What to Do When Tail Light Fuse Keeps Blowing

What to Do When Tail Light Fuse Keeps Blowing

If you own a Jeep, you know how frustrating it can be when your tail light fuse keeps blowing. Whether driving down the highway or just taking a leisurely ride through town, having a functioning tail light is essential for safety and visibility. This seemingly small issue can become a significant concern, especially when it becomes a recurring problem. Fortunately, there are steps you can take to troubleshoot and fix this problem. In this guide, we’ll explore the most frequent causes of a blown tail light fuse, discuss comprehensive solutions, and provide preventive measures to keep your Jeep’s tail lights glowing bright and steady. By understanding how to repair and prevent this issue in the future, you’ll ensure a safer and more satisfying driving experience.

Common Causes of a Blown Tail Light Fuse

Blown tail light fuses can be caused by various things, ranging from simple issues such as a worn-out bulb to more serious problems like corroded wiring. Here are some of the most common causes of a blown tail light fuse:

  • What to Do When Tail Light Fuse Keeps Blowing Worn Out Bulb: The most common cause of a blown tail light fuse is an old or worn-out bulb. It can happen when the filament in the bulb has become weakened over time, which can cause it to draw too much power and blow the fuse.

  • Corroded Wiring: Corrosion on your car’s wiring is another common cause for blown fuses, as this can also cause excessive current draw and blow the fuse. Regularly checking your car’s wiring for corrosion and replacing any corroded wires is essential to maintaining electrical system health in your vehicle.

  • Poor Connections: Loose or poor connections between components in your tail light circuit can also be responsible for blowing a fuse due to excessive current draw through said connection points. Make sure to check all connections regularly and re-secure any loose or broken connectors as needed to ensure the proper operation of your vehicle’s electrical system.

  • Faulty Switches: Faulty switches are another potential culprit of blown fuses due to excess power being drawn when they fail open or closed, resulting in an overload condition that will blow the fuse protecting the circuit from damage. Replacing faulty switches with new ones should help resolve this issue quickly and easily if it is at fault for your vehicle’s problem with its tail lights not working.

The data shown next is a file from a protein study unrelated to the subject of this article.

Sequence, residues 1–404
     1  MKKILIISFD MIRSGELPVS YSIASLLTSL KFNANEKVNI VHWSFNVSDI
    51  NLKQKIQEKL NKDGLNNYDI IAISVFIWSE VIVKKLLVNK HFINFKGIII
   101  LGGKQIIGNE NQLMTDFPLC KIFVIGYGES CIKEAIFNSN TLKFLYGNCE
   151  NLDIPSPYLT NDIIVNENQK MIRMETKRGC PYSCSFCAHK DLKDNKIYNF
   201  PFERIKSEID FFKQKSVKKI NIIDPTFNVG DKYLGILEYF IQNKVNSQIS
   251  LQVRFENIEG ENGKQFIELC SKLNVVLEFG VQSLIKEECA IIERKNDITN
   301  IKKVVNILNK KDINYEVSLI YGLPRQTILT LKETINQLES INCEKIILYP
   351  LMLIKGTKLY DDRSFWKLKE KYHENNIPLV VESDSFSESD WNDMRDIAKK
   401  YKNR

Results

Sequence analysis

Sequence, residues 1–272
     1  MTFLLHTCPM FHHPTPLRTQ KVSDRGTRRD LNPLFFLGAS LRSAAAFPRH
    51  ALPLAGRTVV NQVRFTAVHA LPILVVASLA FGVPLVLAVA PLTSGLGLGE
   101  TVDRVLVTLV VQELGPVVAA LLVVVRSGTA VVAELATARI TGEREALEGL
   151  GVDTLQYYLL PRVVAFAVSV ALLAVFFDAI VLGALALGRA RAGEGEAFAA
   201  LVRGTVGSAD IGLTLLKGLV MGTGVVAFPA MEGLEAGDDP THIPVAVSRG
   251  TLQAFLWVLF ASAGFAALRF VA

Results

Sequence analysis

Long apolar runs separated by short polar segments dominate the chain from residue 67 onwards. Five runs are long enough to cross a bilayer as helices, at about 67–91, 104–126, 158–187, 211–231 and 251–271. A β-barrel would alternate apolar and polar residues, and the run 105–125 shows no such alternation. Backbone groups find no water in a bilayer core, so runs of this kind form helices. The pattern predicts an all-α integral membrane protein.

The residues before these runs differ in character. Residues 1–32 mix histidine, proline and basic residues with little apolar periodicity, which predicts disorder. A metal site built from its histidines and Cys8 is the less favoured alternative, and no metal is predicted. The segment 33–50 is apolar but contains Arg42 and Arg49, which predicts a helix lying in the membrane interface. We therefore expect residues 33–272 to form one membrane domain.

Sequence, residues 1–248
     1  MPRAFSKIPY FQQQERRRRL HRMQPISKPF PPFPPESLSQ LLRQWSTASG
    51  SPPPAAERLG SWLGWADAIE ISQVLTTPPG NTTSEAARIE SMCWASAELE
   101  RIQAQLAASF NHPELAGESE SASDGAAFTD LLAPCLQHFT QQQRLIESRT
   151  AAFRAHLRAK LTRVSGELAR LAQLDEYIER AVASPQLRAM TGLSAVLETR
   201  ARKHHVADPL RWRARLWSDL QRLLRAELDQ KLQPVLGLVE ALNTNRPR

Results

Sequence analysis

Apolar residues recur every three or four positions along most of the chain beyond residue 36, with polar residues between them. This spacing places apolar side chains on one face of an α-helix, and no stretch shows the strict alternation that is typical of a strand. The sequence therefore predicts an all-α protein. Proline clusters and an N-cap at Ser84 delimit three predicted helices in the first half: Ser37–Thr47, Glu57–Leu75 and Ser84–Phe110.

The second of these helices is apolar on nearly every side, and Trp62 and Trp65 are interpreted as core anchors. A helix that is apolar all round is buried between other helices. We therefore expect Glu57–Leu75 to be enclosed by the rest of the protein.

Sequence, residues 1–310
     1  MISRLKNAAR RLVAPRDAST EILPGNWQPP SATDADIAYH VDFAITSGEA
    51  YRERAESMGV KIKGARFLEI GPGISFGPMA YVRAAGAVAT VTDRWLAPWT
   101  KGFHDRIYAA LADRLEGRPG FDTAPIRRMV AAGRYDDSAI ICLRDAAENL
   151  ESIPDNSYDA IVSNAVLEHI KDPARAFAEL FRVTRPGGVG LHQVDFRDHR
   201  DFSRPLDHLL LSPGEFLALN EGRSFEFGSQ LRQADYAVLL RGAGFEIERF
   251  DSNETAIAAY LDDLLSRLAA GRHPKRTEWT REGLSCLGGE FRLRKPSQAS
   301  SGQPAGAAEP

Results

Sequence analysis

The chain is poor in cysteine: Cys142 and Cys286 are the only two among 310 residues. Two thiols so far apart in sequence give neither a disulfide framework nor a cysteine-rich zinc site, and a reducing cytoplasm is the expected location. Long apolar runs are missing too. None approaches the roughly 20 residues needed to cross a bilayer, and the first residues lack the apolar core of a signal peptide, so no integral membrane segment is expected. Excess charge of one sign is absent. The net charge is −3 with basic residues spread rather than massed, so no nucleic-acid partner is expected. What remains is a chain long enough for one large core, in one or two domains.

• High-Power Accessories: High-power aftermarket accessories such as amplifiers, stereos, and other power-hungry components can also draw too much power through your tail light circuit and cause a blown fuse if the circuit is already close to its limit. Check your vehicle’s fuse box for any high-power accessories that may be installed to ensure they’re not the cause of the problem.

Diagnosing and correcting blown tail light fuses can be tricky depending on what’s causing them in your situation, so it’s always important to check all potential causes before attempting repairs or replacing parts. Be sure to consult an experienced mechanic if you need help finding and fixing the source of the issue yourself.

How to Fix Blown Tail Light Fuses

What to Do When Tail Light Fuse Keeps Blowing Fixing a blown tail light fuse is quite simple. First, you need to identify the source of the problem. Look for signs of corrosion or damage on the fuse or check for any loose wiring connections near it. Once you’ve identified the issue, replace the fuse with a new one rated for your car’s power needs. Next, locate the fuse box and open it to access its contents. Inside will be several kinds of fuses that vary in size and rating – usually, 15-amp or 20-amp fuses are used for tail lights. Depending on your vehicle’s make and model, you may find relays and other components inside.

Once you’ve identified the proper type of fuse needed for your car’s tail lights, unscrew it from its clip (or remove it with pliers if necessary) and replace it with a new one that has an equivalent rating to what was originally installed (15-amp or 20-amp). Finally, once you’ve replaced the old fuse, close your vehicle’s fuse box, and test your tail lights again to ensure they function correctly. If they don’t turn on after replacing the blown tail light fuse, check around again for any other electrical issues, such as loose wiring connections that could be causing problems elsewhere in your car’s electrical system.


Tail light fuses can be a common source of frustration for Jeep owners, but fortunately, they’re also relatively easy to troubleshoot and fix. Whether you have an old or worn-out bulb, corrosion on your car’s wiring, poor connections between components, faulty switches, or high-power aftermarket accessories drawing too much power through your tail light circuit, these problems can all cause a blown fuse. By understanding the most common causes of blown tail light fuses and how to troubleshoot and replace them yourself safely with the proper fuse rating needed for your car’s tail lights, you’ll save time and money in the long run while ensuring your tail lights stay functioning correctly for years to come.

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Andy Shane

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